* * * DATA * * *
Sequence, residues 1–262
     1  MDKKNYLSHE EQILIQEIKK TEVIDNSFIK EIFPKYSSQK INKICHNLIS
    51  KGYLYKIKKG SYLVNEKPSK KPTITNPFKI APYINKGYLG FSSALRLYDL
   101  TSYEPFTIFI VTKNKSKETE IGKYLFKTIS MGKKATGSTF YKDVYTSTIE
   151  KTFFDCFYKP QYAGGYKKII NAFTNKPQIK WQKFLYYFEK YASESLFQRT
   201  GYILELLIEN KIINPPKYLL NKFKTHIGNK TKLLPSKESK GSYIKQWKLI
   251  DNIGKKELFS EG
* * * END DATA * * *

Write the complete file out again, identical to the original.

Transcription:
Sequence, residues 1–262
     1  MDKKNYLSHE EQILIQEIKK TEVIDNSFIK EIFPKYSSQK INKICHNLIS
    51  KGYLYKIKKG SYLVNEKPSK KPTITNPFKI APYINKGYLG FSSALRLYDL
   101  TSYEPFTIFI VTKNKSKETE IGKYLFKTIS MGKKATGSTF YKDVYTSTIE
   151  KTFFDCFYKP QYAGGYKKII NAFTNKPQIK WQKFLYYFEK YASESLFQRT
   201  GYILELLIEN KIINPPKYLL NKFKTHIGNK TKLLPSKESK GSYIKQWKLI
   251  DNIGKKELFS EG